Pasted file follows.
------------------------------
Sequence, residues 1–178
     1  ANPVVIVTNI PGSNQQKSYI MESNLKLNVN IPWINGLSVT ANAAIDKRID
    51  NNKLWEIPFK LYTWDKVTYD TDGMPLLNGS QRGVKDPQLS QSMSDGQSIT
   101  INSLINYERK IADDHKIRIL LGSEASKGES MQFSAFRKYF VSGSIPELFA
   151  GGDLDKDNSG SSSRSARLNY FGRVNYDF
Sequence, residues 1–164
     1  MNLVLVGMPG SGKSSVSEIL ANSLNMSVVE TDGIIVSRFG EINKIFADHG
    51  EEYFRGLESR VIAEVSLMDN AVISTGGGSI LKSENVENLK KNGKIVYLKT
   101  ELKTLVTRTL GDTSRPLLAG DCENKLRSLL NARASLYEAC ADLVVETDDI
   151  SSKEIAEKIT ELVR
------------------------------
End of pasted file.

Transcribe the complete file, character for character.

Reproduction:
Sequence, residues 1–178
     1  ANPVVIVTNI PGSNQQKSYI MESNLKLNVN IPWINGLSVT ANAAIDKRID
    51  NNKLWEIPFK LYTWDKVTYD TDGMPLLNGS QRGVKDPQLS QSMSDGQSIT
   101  INSLINYERK IADDHKIRIL LGSEASKGES MQFSAFRKYF VSGSIPELFA
   151  GGDLDKDNSG SSSRSARLNY FGRVNYDF
Sequence, residues 1–164
     1  MNLVLVGMPG SGKSSVSEIL ANSLNMSVVE TDGIIVSRFG EINKIFADHG
    51  EEYFRGLESR VIAEVSLMDN AVISTGGGSI LKSENVENLK KNGKIVYLKT
   101  ELKTLVTRTL GDTSRPLLAG DCENKLRSLL NARASLYEAC ADLVVETDDI
   151  SSKEIAEKIT ELVR